RALEIGH, N.C. (WNCN) — March is Colon Cancer Awareness Month. Colon cancer rates have been declining overall in the United States since the mid-1980s, but certain age groups—such as younger adults—are seeing a concerning rise in cases, according to new research from the American Cancer Society.
- Just how common is colon cancer?
Colon cancer is the second-leading cause of cancer death and the fourth-most common cancer in the United States. In 2013, there were an estimated 1,177,556 people living with colon and rectum cancer in the United States. For colorectal cancer, death rates increase with age. Last year there were nearly 140,000 deaths from colon cancer.
- What did this new study find?
After looking at nearly 500,000 colon cancer diagnoses in the U.S. from 1974 to 2013, researchers found a disturbing increase in the rates of cancer in younger adults. Compared to people born around 1950, those born in 1990 have double the risk of colon cancer and quadruple the risk of rectal cancer. The results showed that after decreasing since 1974, colon cancer incidence rates increased by 1 to 2 percent per year from the mid-1980s through 2013 in adults ages 20 to 39.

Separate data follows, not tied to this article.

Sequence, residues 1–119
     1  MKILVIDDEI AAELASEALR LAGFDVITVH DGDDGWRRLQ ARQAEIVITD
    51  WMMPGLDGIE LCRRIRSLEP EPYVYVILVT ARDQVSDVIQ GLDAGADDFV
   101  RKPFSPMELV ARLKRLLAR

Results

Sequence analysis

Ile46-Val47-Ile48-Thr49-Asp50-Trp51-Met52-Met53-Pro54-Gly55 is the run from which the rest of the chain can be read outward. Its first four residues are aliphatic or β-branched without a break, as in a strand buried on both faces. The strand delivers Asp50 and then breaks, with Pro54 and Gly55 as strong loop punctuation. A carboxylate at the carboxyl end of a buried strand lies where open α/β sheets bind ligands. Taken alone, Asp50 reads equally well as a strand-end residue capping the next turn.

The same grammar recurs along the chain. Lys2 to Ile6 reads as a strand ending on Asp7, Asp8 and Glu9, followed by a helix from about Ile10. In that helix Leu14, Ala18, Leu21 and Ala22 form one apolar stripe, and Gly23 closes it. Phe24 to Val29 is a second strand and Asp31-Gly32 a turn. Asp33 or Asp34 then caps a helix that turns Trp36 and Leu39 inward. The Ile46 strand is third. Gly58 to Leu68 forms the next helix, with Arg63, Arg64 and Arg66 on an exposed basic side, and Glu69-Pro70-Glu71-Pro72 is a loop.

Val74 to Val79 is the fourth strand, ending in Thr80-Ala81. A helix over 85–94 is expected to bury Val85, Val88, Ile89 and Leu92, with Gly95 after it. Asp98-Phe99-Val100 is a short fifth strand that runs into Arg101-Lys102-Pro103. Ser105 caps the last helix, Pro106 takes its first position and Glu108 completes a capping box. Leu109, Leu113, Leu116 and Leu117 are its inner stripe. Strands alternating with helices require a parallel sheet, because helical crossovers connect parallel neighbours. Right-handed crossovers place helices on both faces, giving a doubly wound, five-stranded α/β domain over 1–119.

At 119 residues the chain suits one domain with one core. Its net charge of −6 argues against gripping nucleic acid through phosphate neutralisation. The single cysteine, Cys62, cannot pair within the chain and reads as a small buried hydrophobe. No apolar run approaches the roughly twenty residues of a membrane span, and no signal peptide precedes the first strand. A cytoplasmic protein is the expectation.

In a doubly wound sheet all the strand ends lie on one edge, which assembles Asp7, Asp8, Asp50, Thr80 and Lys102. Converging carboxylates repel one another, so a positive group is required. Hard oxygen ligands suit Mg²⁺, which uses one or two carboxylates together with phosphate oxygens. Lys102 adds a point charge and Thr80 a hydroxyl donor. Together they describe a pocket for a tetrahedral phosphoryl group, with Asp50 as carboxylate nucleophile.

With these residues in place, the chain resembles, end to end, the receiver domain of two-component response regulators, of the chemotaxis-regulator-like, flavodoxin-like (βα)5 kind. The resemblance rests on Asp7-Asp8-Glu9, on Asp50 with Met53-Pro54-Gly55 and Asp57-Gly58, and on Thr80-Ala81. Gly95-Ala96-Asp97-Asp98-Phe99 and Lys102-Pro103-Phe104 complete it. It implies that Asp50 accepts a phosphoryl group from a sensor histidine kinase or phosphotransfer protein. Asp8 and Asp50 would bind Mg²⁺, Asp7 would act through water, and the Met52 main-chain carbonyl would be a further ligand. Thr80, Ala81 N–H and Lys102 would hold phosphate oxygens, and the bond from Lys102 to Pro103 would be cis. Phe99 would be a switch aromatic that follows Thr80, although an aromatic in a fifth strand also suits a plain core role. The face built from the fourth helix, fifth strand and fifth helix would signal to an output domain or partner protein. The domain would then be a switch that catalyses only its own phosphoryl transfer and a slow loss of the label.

- Why do you think we are seeing higher rates in younger adults?
While we do not know the exact cause of this disturbing rise, researchers postulate that the obesity epidemic may have something to do with it. Obesity has been linked to the development of colon cancer. the same factors that led to the obesity epidemic, including less healthy eating and more sedentary lifestyles, have also contributed to the rise of colorectal cancer in these populations.
- What can we do to prevent colon cancer?
Routine screening for colon cancer with tests for blood in the stool as well as colonoscopy have been shown to reduce death from colon cancer. In light of these new findings, the authors say it may be time to consider changing the guidelines for the age to start routine screenings for colon cancer. Current recommendations call for screenings starting at age 50 for people at average risk.